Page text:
©2014-2016 Alida Augen
Her performance repertoire included all the Chopin Ballades and Polonaises, piano concertos by Beethoven and Rachmaninoff, Mendelssohn’s “Rondo Capriccioso”, Lecuona’s “Malaguena” and Sinding’s “Rustle of Spring”. She plays with great passion, nuance and power and with deep, innate musicality.
Within a year of the death of her beloved father, Jeanette graduated as The Valedictorian of the class of 1937 at Evander Childs High School in New York City. She contrasted the public schools in New York and Connecticut in her valedictory address. There were 1,041 students in that class, which included the comedian, Red Buttons, and the son of Duke Ellington, saxophonist Mercer Ellington, for whom Jeanette was the accompanist. In addition to her frequent solo performances at Carnegie Hall, Steinway Hall and Aeolian Hall, she was the editor of her school yearbook, was a member of their Honor Society, Arista, was voted “Most Likely to Succeed” and “Most Charming”, modeled for The John Robert Powers Agency in New York and received a full scholarship to The University of Michigan. Selflessly, Jeanette chose to stay home with her recently widowed mother, a hard-working nurse, in New York and to go to work herself (at AT&T) to help support the family, which includes her younger brother, Hendrik van Dorsten.
It was also at this time that Jeanette was the staff pianist at the professional music camp, “Camp-of-the-Woods”, in The Adirondacks during her summers. There she played elegantly for thousands of guests; and there she met R. Crawford Stahl, the trumpet soloist and band director, the first-ever Rochester Prize Scholar at The Eastman School of Music – and Jeanette’s future husband. It was love at first sight and at first hearing; and they are still making beautiful music together at home.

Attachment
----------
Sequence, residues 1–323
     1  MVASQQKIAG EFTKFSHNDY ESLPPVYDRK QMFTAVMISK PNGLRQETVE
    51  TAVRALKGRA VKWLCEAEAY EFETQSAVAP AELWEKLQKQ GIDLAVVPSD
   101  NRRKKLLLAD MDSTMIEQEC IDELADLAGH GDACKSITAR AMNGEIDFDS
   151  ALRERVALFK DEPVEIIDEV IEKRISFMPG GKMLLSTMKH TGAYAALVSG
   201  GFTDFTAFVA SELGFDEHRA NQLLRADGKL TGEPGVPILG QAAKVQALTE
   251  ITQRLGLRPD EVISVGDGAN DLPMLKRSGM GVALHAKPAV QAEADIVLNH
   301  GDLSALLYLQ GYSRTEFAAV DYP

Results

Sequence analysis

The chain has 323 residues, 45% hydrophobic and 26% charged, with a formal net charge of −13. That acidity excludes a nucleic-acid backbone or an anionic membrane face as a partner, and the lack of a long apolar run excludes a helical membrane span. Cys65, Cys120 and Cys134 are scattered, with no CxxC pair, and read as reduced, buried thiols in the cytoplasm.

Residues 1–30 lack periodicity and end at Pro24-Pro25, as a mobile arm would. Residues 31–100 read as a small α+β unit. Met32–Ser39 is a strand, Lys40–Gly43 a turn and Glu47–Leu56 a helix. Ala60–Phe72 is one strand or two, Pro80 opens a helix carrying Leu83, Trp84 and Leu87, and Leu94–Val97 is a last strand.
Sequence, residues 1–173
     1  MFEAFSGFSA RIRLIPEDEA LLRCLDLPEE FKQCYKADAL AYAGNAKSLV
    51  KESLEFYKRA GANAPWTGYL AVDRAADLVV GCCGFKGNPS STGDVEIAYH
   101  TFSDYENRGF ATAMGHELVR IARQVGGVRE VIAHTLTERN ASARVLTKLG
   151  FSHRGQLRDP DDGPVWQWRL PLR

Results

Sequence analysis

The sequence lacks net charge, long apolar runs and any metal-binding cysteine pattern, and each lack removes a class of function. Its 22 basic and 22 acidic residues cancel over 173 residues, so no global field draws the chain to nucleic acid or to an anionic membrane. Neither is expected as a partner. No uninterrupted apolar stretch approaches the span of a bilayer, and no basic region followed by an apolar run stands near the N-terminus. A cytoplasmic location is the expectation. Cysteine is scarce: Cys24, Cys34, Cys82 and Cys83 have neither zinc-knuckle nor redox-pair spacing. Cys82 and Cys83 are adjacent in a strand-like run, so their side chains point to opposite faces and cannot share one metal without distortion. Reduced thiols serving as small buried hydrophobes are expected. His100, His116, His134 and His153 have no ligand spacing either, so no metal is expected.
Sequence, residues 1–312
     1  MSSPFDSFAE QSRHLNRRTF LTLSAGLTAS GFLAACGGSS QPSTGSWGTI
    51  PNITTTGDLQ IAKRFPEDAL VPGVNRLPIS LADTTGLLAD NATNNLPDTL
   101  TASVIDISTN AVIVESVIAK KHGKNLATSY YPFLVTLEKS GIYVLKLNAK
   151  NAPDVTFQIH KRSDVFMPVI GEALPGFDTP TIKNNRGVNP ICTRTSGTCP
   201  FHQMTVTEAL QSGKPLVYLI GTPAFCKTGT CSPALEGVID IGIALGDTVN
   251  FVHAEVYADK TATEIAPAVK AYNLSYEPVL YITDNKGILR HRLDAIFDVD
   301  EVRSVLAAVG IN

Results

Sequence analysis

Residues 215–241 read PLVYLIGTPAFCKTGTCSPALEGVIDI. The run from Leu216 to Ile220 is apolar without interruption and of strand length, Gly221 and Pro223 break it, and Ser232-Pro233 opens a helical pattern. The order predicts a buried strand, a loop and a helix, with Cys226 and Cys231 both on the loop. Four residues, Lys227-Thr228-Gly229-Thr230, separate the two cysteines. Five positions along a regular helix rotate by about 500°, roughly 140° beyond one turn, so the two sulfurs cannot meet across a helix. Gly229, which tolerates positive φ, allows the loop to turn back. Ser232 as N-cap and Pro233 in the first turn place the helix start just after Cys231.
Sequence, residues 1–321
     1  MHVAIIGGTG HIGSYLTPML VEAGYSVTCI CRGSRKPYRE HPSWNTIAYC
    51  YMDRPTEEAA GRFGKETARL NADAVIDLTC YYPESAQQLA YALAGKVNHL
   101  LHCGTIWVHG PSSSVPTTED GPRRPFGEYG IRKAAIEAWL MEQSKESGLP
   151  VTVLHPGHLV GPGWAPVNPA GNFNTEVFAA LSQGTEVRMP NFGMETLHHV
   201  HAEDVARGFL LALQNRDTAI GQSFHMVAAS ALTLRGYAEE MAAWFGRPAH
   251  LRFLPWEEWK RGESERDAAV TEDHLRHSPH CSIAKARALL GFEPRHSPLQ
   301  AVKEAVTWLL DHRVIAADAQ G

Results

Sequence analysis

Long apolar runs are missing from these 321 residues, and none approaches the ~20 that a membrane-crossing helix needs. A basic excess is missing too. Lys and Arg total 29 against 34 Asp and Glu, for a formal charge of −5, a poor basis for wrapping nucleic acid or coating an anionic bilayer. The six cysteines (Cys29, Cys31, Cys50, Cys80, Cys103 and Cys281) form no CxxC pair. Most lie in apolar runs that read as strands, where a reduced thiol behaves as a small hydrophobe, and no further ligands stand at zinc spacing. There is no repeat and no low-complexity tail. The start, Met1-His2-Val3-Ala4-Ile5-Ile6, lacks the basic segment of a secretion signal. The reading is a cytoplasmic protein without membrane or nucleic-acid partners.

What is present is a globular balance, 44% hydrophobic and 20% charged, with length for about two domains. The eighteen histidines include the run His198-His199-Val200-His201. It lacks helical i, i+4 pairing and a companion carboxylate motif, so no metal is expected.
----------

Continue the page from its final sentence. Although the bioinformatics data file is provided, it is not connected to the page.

Over the years, Jeanette continued to perform as a piano soloist and as an accompanist to many fine professional musicians, as well as to many of her husband, Crawford Stahl’s, instrumental students - and always to their daughter, Alida’s, violin-playing and singing. She accompanied many church services and lent her lovely, clear soprano voice to her husband’s church choir for the twenty-three years that he served as choir director. In addition, Jeanette taught many piano students privately in her home and served as President of The Harmony Club in Binghamton, New York, a group of professional musicians who perform frequently as soloists and in chamber groups. When a soloist was tackling a particularly difficult piece, he went to Jeanette van Dorsten Stahl to provide the most excellent and elegant accompaniment.
JEANETTE VAN DORSTEN STAHL (Alida’s mother) is the daughter of Alida Marie LaMens van Dorsten and Henri Jean Michel Laurent Elskamp van Dorsten, both born in The Netherlands before they met and settled in The United States. Jeanette began study of the piano at the age of four and was soon accompanying her father, who was a very accomplished singer with a beautiful, rich baritone voice and who performed extensively. Jeanette studied piano in New York City with Anita Wolff, and, by the time she was sixteen, was playing solo piano concerts at Carnegie Hall, Steinway Hall and Aeolian Hall.